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Thunder Bay police board acknowledges 'unequivocally' existence of systemic racism

Members of the Thunder Bay Police Services Board have acknowledged "unequivocally" that systemic racism exists in both the Thunder Bay Police Service and the civilian oversight board, after reviewing reports from the Office of the Independent Police Review Director and the Ontario Civilian Police Commission.

Community circle providing acknowledgement, public apology planned for January 2019

Members of the Thunder Bay Police Services Board, including board chair Celina Reitberger (left), had their first meeting on Tuesday with the new administrator, Thomas Lockwood. (Cathy Alex)

Members of the Thunder Bay Police Services Board have acknowledged "unequivocally" that systemic racism exists in both the Thunder Bay Police Service and the civilian oversight board, after reviewing reports from the Office of the Independent Police Review Director and the Ontario Civilian Police Commission.

The acknowledgement, delivered during Tuesday's scheduled meeting, came after the two highly-critical reports, which were released within two days of each other, slammed the local force and the police services board and pointed to a crisis of systemic racism.

"By making this statement we want to acknowledge that the board has failed the Indigenous community," Thunder Bay Police Services Board chair Celina Reitberger, stated in a written release, which was read into the record as part of Tuesday's meeting.

During an interview with CBC News, Reitberger said the focus is on systemic racism, which means they are not pointing the finger at any specific officer or person.

"Don't forget that first word, because if you forget the first word, then people start taking it personally," Reitberger said. "We are not selecting or pointing at anyone and saying 'you're a racist person.'"

"We are all in this together," she said, "so the more that we can collaborate and cooperate, the faster and easier its' going to be to move forward."

Reitberger also noted that while changes must be made, it is important to support the people working for the force.

"One of the officers, when I gave him a compliment the other day, said 'well thank you for that because it's been a really rough week.'"

Cultural training and community circle

Reitberger said she will begin facilitating cultural education for the board by consulting with her elders and people who "give this type of training."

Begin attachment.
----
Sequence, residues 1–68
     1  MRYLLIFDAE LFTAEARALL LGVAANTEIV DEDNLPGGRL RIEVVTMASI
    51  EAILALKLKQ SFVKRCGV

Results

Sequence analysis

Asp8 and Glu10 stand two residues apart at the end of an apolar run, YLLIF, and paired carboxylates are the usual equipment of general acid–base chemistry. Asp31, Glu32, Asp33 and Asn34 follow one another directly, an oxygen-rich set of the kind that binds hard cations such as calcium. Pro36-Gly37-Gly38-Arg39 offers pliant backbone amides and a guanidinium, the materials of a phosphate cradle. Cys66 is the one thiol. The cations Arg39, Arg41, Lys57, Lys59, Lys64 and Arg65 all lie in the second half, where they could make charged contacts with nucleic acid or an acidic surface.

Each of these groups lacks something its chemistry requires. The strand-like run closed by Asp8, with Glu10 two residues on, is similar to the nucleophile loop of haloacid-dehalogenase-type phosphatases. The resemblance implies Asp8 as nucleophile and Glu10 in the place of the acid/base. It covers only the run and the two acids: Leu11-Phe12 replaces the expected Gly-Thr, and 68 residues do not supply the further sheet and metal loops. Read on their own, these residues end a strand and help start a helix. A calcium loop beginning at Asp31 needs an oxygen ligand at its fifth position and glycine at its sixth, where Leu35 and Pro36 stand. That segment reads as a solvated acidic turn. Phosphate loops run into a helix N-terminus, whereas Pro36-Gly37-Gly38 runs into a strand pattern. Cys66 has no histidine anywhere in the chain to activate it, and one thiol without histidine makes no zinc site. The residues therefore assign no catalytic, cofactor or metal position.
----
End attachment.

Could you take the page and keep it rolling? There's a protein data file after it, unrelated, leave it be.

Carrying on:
A community circle is also being planned for January 2019, at which the board "will publicly acknowledge the existence of systemic racism and apologize for it," Reitberger said in her statement.

Sylvie Hauth, (centre) chief of the Thunder Bay Police Service, confers with chair Celina Reitberger (left), administrator Thomas Lockwood (second from left) and Thunder Bay city clerk John Hannam. (Cathy Alex/CBC)

"I think it's crucial ... and I think that everybody is waiting to see how that plays out," she said.  

"Just saying it into a microphone at this point of time is not really powerful enough."

Reitberger said she's also excited about some new ideas recommended by the board's administrator, Thomas Lockwood.

"He talked about perhaps streaming the meetings ... opening up the meetings, inviting people to come and see what we are doing and also I'm very excited about the development of a website so that we can post the minutes of the meeting," Reitberger said.

There are two vacancies on the board: one municipal and one provincial. Reitberger encouraged anyone in the Indigenous community who is interested in sitting on the Thunder Bay Police Services Board to send in their application. 

Police chief Sylvie Hauth to "formulate an action plan"

Sylvie Hauth, the chief of the Thunder Bay Police Service (TBPS) responded to the board's statement on Tuesday, stating in a written release that "the reports clearly state the need for a thoughtful and impactful plan to address the issues of systemic racism within the Service and the Board." 

Hauth noted she will be "consulting with senior administration and the members of the service in early January to formulate an action plan."

"I will also be working closely with the police services board administrator to ensure that the TBPS moves forward to meet the community's expectations," Hauth said in her statement, which she read out during the meeting.

An initial report on the progress to-date is scheduled to be released in January at a meeting of the police services board.

The OIPRD also expects a six-month progress report, which the force "will work to ensure that date is adhered to."

Lockwood estimated that the board members' voting rights could be restored as early as February 2019, if they have completed the necessary training.